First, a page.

As the cartoon on the right says with a twist---I used to hate promotional assignments..... but now I enjoy them....
As we write and feel that passion of what we say is important, Build Book Buzz helps us accomplish this. Here is one of their links with some great tips for indie authors:
Build Book Buzz
.....and one of their informational posts....
You'll often hear book publicists talk about "pitching" a story to the press. But how do you actually do it when you want to take advantage of an opportunity - or want to create one?
"Pitching" is like "selling" - when someone says they're going to pitch a story to a reporter, they mean that they're going to try to sell the reporter on the idea. It's easy to do when you know the basics:
- Offer a great idea. Your story or segment idea must be relevant to the media outlet and its audience. You wouldn't pitch a "saving for retirement" idea to Seventeen Magazine, for example.
- Pitch the right journalist. Study the media outlet to find the best fit for your idea, then do a little research to learn who is responsible for that section or program.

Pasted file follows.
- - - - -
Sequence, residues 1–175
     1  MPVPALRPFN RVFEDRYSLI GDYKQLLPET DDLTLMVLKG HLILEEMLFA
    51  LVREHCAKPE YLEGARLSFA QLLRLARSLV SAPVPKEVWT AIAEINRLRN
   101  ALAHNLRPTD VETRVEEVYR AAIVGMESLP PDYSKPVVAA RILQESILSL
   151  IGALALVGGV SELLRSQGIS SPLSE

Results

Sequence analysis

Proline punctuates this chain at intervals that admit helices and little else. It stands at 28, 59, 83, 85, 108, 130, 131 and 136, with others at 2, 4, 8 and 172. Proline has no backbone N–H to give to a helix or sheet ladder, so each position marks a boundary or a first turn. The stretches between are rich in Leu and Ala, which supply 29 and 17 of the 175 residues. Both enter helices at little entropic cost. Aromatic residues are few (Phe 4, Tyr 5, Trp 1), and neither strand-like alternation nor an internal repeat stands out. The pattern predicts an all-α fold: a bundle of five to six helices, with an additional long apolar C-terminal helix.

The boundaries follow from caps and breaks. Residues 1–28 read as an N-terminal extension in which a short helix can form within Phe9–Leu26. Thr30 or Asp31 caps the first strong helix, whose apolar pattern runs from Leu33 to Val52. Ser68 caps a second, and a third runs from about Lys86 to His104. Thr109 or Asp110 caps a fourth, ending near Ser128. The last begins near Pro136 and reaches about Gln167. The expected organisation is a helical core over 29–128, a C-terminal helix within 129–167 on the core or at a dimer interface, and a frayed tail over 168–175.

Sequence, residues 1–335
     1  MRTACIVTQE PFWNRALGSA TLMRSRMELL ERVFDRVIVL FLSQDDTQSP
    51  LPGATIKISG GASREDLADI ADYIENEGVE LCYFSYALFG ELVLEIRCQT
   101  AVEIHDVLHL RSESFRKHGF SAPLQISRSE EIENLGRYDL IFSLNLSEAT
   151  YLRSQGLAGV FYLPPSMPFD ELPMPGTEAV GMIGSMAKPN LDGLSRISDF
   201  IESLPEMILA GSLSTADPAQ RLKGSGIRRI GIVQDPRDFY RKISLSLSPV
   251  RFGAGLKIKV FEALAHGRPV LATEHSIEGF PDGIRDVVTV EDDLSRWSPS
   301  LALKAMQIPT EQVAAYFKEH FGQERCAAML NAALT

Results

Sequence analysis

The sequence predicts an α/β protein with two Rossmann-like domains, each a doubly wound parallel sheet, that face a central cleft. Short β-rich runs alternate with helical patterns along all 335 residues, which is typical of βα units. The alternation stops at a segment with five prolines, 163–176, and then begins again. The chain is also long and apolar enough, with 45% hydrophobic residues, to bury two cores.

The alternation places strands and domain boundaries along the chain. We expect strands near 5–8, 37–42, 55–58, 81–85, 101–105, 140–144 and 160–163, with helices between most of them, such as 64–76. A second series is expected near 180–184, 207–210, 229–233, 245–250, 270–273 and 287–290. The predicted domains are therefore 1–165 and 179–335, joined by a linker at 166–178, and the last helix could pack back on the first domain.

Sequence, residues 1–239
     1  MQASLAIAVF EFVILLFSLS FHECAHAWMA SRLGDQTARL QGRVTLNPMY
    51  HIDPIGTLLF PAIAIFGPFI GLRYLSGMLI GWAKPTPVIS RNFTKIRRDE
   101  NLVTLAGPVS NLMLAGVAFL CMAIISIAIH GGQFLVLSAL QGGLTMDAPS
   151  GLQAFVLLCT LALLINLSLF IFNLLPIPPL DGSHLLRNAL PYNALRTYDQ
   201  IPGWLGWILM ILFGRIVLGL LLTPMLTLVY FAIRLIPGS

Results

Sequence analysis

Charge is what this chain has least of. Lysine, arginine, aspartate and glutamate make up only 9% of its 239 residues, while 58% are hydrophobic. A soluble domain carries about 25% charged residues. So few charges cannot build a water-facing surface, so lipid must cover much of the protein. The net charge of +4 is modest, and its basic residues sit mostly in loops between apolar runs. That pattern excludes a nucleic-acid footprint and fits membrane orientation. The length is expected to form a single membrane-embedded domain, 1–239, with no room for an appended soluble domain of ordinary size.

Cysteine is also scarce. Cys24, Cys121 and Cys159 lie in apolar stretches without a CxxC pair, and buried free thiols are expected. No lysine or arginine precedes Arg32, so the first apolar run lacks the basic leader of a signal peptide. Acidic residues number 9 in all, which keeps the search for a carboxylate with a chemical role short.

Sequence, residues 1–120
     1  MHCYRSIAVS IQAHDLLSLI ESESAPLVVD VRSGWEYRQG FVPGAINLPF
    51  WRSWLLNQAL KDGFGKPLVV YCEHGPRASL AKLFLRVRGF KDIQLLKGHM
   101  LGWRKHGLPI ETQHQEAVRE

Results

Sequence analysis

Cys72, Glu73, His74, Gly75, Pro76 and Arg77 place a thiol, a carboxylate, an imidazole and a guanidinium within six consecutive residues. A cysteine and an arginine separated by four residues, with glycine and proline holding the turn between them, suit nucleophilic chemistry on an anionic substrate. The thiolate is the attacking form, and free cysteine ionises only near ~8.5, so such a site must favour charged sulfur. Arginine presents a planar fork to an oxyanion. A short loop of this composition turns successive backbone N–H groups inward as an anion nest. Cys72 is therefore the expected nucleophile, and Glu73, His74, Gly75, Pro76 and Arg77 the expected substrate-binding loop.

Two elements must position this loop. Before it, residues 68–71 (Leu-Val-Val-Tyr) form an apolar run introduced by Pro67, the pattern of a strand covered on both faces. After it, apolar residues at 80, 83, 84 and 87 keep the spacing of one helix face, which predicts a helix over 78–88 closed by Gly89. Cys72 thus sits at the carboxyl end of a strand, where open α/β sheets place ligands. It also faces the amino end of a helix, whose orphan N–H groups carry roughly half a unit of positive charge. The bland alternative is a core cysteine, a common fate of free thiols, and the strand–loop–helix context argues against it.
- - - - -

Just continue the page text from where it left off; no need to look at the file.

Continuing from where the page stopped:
- Explain the idea clearly and compellingly. In the "pitch letter" you send by e-mail, offer a brief description of the article or segment idea.
- Detail why readers or viewers need the information. After the overview description, make it clear why people will be interested. Does it address a common problem? Will it entertain, educate, or inform? Will it change opinions or perspectives? And why is any of this important?
- Explain why you're an excellent resource for the piece. Why should the reporter talk to you about this - what do you bring to the topic?
- Describe relevant visuals for TV. If you're pitching a TV news or talk show, describe visuals that can help bring the idea to life.
- Offer additional resources. It could be links to background information, statistics, or other people to interview to round out the story.
- State the next steps. Will you follow-up, or will you leave it to the reporter to contact you if interested?
For those who are independent authors, it's one of those necessary evils that we have to blow our own horn and get our stuff out there for everyone to read. Hope this helps.